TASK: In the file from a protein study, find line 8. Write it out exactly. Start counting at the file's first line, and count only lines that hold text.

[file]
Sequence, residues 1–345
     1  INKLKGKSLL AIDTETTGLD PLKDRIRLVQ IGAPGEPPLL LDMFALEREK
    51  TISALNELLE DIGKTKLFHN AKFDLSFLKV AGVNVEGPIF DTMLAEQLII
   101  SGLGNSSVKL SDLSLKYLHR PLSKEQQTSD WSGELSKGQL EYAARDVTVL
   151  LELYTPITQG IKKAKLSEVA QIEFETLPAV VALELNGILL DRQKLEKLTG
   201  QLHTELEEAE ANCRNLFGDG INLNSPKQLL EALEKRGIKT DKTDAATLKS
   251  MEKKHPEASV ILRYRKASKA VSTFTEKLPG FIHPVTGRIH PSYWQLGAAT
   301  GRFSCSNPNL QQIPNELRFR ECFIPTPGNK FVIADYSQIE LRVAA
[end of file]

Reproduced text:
   301  GRFSCSNPNL QQIPNELRFR ECFIPTPGNK FVIADYSQIE LRVAA